I got a curious call on Saturday night from my bank asking if I was in Sri Lanka. At this point alarm bells were ringing as No, I was definitely not in Sri Lanka and nor should my debit card be withdrawing money from any ATM’s there. Luckily it seems my bank has a pretty good fraud detection system – the card was canceled immediately and I’ll be getting the £250 they stole back.

A quick search on Google shows that I’m not the only one who’s been victim to this sort of high-tech fraud. Only last Friday were more than 5000 cloned credit cards seized in Sri Lanka –

“About 2300 of the fake cards had been encoded with genuine credit card data from England, one official said, adding that if all 5350 cards were used, the men could have withdrawn up to 400 million baht ($11 million).”

Apparently it’s believed that the credit card details are stolen in England then encoded onto fake cards in Thailand. What’s even more worrying is that there is very we can do to stop this as individuals aside from the usual precautions. At the end of the day it’s more of a hassle than anything else to sort out and one which I could do without!

Comments

  1. David says:

    Good question Ushi, I'm guessing my details must have been swiped by dishonest staff in a shop or restaurant although I'm usually pretty vigilant about not letting the card out of my sight. The other possibility is that my details were hacked from either the bank or a third party who were holding my credentials. Either way I'll be doubly careful from now on!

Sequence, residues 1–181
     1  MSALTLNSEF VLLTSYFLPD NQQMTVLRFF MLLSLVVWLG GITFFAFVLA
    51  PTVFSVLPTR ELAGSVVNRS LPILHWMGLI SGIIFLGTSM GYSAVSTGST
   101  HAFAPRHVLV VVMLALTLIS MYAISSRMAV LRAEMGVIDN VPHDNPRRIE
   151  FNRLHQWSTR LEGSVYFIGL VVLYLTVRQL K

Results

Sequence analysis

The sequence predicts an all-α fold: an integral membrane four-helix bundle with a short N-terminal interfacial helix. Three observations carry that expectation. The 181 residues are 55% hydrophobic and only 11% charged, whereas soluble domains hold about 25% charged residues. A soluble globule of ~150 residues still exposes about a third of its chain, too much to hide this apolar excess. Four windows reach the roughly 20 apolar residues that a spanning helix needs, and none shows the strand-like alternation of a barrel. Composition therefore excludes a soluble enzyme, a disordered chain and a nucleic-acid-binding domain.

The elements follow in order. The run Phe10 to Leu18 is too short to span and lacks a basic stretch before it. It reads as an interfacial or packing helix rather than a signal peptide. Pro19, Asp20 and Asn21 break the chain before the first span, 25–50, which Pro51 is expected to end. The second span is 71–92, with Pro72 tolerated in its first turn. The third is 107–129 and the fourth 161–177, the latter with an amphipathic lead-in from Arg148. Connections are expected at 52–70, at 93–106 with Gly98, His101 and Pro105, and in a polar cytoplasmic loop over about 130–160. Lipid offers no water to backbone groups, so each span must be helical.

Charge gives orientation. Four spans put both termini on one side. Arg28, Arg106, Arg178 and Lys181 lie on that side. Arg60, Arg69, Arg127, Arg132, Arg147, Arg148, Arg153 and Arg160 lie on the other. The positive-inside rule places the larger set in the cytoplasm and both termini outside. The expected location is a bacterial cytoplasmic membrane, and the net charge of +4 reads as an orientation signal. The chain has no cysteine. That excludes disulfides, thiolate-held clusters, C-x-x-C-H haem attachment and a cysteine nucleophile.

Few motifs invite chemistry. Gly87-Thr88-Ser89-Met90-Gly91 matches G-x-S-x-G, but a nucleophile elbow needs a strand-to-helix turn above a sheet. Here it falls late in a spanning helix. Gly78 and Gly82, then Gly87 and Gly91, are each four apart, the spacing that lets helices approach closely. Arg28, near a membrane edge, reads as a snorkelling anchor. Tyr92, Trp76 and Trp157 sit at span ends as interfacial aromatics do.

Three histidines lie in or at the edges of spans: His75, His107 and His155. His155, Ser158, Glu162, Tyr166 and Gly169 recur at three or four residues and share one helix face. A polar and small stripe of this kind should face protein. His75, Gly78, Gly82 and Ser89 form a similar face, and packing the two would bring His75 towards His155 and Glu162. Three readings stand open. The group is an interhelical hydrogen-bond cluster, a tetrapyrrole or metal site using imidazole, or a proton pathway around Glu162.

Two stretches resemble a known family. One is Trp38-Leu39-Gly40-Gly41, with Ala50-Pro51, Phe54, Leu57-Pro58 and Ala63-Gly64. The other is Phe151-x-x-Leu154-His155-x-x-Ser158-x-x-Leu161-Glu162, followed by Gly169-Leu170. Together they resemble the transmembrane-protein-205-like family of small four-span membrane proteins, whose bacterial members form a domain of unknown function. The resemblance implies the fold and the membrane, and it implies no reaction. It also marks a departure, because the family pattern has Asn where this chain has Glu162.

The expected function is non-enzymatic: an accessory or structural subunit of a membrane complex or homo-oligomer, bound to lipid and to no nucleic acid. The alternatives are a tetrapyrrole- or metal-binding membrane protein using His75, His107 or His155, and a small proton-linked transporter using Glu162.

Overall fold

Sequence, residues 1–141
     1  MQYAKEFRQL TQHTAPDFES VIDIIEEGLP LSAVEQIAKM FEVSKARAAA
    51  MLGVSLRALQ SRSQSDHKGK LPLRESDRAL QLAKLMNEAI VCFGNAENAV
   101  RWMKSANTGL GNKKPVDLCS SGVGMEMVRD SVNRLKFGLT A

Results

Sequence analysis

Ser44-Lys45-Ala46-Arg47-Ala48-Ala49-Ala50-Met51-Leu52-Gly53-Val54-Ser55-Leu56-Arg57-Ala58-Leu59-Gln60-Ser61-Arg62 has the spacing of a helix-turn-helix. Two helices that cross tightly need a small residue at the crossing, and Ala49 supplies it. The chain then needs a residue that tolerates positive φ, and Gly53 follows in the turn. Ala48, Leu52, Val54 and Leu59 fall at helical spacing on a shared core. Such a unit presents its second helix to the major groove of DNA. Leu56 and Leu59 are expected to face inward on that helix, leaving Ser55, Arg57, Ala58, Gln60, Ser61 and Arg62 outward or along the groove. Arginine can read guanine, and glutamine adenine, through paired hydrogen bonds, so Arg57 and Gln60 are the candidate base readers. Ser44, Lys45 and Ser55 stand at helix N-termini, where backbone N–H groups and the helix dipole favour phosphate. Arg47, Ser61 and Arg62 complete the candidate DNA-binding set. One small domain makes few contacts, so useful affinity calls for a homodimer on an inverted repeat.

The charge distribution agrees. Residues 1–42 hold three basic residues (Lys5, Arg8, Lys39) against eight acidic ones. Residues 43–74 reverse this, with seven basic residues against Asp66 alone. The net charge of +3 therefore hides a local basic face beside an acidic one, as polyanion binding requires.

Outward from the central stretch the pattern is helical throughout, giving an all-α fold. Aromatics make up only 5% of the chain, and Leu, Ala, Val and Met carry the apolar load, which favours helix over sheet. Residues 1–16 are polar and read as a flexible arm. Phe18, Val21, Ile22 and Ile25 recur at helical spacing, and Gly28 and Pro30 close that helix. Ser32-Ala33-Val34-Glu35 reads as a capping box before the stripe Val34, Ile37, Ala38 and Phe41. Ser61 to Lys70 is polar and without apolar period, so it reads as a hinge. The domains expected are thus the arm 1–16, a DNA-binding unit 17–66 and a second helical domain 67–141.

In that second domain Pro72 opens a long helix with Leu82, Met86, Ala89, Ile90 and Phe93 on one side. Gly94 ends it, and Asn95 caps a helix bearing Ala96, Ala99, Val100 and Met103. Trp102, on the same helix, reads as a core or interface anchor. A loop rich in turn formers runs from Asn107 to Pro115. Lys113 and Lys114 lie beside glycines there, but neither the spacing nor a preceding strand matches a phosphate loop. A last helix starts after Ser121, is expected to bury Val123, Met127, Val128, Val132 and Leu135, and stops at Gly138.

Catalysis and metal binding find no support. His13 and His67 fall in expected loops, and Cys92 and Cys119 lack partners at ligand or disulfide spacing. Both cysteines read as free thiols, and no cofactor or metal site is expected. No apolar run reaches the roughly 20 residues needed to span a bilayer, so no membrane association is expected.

2. David says:

    Yep, totally agree – with the way technology is advancing this sort of crime is only going to increase. Already innocent people have gone to jail over cases involving identity theft only later to discover that it was in fact someone else pretending to be them. We can only hope that the systems in place to monitor this advance at the same rate as those who would subvert them.

    It seems our online lives will become just as stressful as our real ones!

  3. David says:

    Yeah, seems that overnight the government changed roles from being public servants into an all-seeing and all-knowing dictatorship. You can't even climb a ladder or wire a plug without certification anymore. Where will the madness end!!

  4. Tom F says:

    It seems there's not much we can do about card fraud these days other than keep an eye on our statements – I heard the other week about crime gangs planting agents in callcentres to harvest details. I suppose we could resort to cash – but then there's the whole chip pin malarky! Do you ever get the feeling that as a race we've “advanced” too far?

  5. Ushi says:

    Indeed. I'm particularly unimpressed about the whole 'uber database' business that's going on at the moment. The privacy and issues regarding that alone should deter the government from going down that path. If not privacy – then atleast they should consider the cost.

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